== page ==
Vashy Rahaman’s Take on This as a PCUSA Presbyterian in an ELCA Congregation
I hesitated at first to say anything about this because I am a PCUSA Presbyterian and not Lutheran of any stripe.
Still, I’ve been thinking and remembering, and it seems to me that there are two matters to consider in deciding whether, as an ELCA congregation, we should fast from the Lord’s Supper at this time. The first is the ELCA matter of the physical presence of Christ in the bread and wine at Communion. The second is the ELCA matter of Holy Communion needing to take place in assembly.
I remember, more than 20 years ago, reading the text of A Formula of Agreement between the ELCA, the PCUSA et al., and being a bit amused at the conclusion that (and I’m quoting here, because I decided to look it up) “while neither Lutheran nor Reformed profess to explain how Christ is present and received in the Supper, both churches affirm that ‘Christ himself is the host at his table . . . and that Christ himself is fully present and received in the Supper’” https://www.pcusa.org/site_media/media/uploads/oga/pdf/formula.pdf
At the time, it sounded very PCUSA. Since then I’ve discovered that it is, perhaps, even more ELCA.
In PCUSA churches, the communion table is not an altar. According to the PCUSA Book of Order ( W-3.0409 : Theology of the Lord’s Supper), in sharing the bread and cup in Jesus’ name, “we who are many are one body (1 Cor. 10:17)” because, “when we gather at the Lord’s Supper, the Spirit draws us into Christ’s presence and unites with the Church” (the body of Christ) “in every time and place”. My understanding was that, for PCUSA Presbyterians, Christ is present in the whole meal and its participants, not just in the elements of bread and wine. And yes, the Book of Order does, indeed, not profess to explain the how of it all.
This understanding has made it, perhaps, easier for the PCUSA to clearly say that a congregation may celebrate the Lord’s Supper within an electronic worship service during an emergency or pandemic. The decision, it is further made clear, is “one of emphasizing the unity of the body in an extraordinary time when we are not able to worship or be together in person.”
If the PCUSA theological understanding is that Christ, through the Spirit, is present in the whole meal around a physical table, then it is not too much of a stretch to say that Christ is also present in the whole meal even when the table, but not the meal, is virtual.
How would that work for Lutherans?
My understanding was that ELCA Lutherans believe that, during the meal, the body and blood of Christ is physically present in the substance of the bread and wine of the Eucharist, a sacramental union but not a transubstantiation. So, I tried to find out more, and found that my understanding seems to agree with the ELCA The Use of the Means of Grace: A Statement on the Practice of Word and Sacrament that dates to the same year as A Formula of Agreement.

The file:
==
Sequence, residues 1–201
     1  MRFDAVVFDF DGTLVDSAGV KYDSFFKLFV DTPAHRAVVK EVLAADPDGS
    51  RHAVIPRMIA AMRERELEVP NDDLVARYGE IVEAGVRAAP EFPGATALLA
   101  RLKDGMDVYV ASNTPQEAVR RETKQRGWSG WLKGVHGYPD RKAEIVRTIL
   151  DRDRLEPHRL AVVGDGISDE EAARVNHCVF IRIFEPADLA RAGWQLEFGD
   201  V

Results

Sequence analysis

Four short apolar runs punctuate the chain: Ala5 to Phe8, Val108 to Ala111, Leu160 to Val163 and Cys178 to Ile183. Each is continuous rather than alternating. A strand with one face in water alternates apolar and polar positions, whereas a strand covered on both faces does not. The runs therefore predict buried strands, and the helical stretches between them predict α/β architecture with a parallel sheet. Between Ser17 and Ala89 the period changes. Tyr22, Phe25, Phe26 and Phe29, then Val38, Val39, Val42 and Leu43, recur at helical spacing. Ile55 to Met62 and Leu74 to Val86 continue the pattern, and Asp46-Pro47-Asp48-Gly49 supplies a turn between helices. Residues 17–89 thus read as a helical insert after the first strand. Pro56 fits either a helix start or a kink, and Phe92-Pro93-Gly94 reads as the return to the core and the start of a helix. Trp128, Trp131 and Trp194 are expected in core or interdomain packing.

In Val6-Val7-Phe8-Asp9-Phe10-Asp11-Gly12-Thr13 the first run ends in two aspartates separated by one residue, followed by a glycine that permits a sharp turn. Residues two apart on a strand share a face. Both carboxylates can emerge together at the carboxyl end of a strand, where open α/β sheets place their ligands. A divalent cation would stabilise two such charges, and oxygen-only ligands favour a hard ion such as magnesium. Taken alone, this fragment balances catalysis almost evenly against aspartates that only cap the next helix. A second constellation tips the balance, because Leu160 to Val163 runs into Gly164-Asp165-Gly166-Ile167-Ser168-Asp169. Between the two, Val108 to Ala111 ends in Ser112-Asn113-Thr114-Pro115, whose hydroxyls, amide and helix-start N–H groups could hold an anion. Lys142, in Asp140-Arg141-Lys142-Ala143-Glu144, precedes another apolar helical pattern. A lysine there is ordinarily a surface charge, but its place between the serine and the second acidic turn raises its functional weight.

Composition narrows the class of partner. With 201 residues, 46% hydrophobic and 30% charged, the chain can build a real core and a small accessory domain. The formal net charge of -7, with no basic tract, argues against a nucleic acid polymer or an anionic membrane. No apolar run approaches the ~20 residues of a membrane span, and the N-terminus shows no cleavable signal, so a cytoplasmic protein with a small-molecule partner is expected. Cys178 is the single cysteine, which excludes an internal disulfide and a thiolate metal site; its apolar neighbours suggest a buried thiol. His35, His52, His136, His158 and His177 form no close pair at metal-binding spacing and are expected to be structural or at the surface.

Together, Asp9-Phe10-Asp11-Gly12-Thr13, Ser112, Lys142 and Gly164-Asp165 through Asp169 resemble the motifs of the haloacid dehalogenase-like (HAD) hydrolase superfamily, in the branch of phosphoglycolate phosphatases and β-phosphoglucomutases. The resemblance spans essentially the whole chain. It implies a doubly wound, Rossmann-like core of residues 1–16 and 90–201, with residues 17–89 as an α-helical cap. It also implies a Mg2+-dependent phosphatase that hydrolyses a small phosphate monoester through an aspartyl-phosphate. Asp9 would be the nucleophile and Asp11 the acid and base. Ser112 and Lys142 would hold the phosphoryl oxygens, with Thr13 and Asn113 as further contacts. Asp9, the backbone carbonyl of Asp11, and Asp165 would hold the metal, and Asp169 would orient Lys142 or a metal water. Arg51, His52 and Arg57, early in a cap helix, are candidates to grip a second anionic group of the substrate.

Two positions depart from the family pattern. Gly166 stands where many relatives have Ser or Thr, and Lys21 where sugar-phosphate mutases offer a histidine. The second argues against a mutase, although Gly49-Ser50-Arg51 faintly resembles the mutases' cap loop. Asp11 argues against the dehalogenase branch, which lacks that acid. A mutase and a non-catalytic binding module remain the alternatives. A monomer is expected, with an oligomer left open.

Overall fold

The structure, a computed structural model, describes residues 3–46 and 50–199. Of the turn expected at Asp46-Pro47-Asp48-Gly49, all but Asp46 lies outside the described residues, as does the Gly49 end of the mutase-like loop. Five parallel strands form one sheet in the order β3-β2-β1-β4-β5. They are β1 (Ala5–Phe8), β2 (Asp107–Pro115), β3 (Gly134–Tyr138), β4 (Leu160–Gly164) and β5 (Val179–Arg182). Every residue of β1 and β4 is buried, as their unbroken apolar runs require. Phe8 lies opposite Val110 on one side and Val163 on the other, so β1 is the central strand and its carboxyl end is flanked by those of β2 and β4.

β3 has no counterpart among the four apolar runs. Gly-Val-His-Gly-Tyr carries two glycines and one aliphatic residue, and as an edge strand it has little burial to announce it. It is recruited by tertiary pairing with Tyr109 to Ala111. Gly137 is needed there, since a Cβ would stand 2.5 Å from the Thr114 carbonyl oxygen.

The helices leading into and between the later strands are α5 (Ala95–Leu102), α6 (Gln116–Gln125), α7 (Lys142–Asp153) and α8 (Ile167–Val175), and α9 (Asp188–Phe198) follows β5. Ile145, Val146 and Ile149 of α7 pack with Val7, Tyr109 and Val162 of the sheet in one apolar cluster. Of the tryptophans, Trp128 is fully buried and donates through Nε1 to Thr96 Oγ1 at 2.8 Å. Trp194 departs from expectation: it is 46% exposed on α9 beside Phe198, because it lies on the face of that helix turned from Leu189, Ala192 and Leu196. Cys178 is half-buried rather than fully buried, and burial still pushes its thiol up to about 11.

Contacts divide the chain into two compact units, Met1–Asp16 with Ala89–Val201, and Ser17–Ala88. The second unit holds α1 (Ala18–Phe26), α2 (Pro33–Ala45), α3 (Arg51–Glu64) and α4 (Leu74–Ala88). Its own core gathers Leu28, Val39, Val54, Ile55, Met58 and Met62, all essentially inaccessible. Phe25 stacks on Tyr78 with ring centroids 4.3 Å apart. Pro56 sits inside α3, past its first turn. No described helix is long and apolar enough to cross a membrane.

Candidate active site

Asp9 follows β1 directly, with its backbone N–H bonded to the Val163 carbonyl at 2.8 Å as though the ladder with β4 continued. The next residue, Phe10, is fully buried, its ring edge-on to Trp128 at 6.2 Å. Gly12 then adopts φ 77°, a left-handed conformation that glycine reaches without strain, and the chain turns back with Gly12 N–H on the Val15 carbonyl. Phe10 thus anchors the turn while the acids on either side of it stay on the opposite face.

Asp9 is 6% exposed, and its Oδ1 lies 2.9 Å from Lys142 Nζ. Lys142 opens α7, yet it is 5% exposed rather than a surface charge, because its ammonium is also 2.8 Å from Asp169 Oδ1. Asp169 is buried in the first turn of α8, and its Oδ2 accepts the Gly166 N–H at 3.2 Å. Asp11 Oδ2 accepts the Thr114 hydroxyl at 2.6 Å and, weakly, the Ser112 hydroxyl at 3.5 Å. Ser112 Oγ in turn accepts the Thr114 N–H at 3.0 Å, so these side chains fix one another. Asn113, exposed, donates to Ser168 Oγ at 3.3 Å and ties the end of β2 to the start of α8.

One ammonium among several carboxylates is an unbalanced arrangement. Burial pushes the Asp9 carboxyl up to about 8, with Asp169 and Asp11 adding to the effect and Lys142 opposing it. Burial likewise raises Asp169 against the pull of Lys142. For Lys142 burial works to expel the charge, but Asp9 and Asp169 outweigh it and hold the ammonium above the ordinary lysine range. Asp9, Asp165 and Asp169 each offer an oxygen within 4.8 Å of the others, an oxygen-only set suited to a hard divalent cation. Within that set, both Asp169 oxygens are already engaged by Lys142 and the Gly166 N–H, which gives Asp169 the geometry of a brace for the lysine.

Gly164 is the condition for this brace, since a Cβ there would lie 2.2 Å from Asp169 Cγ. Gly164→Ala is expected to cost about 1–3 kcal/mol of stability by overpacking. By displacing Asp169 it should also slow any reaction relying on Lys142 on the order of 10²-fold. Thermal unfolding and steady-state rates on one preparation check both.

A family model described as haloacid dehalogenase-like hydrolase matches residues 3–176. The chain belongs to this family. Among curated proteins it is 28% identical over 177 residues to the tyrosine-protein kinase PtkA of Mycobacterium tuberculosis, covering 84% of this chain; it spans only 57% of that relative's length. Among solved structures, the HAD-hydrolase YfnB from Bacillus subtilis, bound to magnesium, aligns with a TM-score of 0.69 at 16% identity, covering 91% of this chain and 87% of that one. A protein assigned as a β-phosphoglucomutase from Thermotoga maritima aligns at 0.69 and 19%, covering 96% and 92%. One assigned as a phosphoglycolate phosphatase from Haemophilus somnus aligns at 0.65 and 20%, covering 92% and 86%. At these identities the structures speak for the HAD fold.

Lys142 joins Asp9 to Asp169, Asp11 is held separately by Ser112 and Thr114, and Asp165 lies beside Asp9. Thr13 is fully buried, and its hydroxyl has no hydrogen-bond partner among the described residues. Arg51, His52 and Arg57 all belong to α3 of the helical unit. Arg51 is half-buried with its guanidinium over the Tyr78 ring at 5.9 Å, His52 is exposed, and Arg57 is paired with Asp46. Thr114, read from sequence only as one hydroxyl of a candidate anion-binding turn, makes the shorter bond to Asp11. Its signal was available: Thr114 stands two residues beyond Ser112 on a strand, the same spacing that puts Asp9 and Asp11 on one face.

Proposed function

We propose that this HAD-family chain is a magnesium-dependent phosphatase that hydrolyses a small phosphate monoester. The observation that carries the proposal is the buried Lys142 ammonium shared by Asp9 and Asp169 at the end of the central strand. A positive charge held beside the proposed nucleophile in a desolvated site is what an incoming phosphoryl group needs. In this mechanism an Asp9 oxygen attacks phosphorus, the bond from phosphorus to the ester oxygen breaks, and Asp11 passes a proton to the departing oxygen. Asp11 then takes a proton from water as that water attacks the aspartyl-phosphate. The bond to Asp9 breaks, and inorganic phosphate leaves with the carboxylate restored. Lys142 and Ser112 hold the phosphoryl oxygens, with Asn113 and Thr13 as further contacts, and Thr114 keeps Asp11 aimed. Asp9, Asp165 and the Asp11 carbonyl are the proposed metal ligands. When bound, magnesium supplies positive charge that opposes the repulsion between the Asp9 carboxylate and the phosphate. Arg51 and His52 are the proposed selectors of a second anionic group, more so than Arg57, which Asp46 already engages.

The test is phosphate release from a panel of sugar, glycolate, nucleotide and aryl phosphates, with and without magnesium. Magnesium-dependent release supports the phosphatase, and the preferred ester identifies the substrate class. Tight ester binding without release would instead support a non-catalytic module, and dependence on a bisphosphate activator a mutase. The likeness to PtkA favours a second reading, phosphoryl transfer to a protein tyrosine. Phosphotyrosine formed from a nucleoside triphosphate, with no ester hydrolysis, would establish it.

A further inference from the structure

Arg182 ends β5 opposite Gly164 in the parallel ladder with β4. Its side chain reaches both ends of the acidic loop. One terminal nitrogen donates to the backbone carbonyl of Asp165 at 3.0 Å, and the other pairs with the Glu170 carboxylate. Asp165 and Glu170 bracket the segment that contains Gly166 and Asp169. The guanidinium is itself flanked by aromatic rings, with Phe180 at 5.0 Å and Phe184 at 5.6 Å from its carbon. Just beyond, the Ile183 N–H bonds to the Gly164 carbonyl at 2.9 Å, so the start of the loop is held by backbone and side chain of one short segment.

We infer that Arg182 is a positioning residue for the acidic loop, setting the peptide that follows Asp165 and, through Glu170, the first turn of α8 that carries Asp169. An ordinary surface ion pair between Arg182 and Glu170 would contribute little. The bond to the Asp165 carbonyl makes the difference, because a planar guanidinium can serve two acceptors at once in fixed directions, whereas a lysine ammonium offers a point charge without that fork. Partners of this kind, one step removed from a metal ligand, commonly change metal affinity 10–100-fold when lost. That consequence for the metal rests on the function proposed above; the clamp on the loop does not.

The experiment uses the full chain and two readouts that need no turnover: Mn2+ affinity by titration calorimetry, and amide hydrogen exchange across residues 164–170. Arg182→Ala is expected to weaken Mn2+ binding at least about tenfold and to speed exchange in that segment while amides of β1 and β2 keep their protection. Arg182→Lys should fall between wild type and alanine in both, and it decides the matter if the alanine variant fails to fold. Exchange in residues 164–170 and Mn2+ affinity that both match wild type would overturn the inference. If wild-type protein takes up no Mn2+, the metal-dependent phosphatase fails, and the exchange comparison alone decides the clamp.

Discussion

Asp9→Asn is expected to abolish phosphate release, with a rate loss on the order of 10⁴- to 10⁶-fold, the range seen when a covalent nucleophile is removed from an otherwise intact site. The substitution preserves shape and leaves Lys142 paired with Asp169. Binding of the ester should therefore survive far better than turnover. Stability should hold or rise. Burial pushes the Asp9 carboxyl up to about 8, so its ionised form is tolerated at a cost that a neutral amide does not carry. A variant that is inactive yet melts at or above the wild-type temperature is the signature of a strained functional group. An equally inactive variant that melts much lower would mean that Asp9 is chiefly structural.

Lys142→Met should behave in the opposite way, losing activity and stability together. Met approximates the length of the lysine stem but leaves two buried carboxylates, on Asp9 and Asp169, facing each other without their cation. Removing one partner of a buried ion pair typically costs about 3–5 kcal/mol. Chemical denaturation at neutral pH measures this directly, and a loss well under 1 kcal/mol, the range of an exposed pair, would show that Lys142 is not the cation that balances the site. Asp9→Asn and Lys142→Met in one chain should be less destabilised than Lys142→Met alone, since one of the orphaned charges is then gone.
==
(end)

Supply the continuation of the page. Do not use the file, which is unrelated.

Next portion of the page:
After quoting from The Augsburg Confession to say: “It is taught among us that the true body and blood of Christ are really present in the Supper of our Lord under the form of bread and wine,” The Use of the Means of Grace adds this from the 1960 The Sacrament of the Altar and Its Implications: “The how of Christ’s presence remains as inexplicable in the sacrament as elsewhere. It is a presence that remains hidden even though visible media are used in the sacrament.”
I begin to see why A Formula of Agreement steered clear of consensus on exactly how Christ is fully present and received in Communion.
And I begin to see why the ELCA Worship in Times of Public Health Concerns is somewhat less than clear in its recommendation
“that we do not urge people to employ virtual communion.”
The reason given for the recommendation to not urge is that The Use of the Means of Grace reminds us that ELCA Holy Communion takes place in the assembly. (A reminder too, perhaps, that there is, in my understanding, no ELCA version of the Roman Catholic sine populo mass, and that this is a matter, perhaps, of foundational distinction, from the Roman church, for Lutherans.)
- Is the presence of Christ in the bread and wine really and essentially more physical in ELCA understanding than it is in PCUSA understanding? If it is, then this presents a real and essential barrier to online ELCA Eucharist.
- What is the assembly in which ELCA Holy Communion may take place? Is it limited to a gathering in one place or is it the assembly of all believers, gathered together in space and time? “Assembly” in the time of Covi-19 is revealed to have meanings that we have not commonly used. I think that the assembly requirement may present less of an impediment to online ELCA communion than it may seem to at first.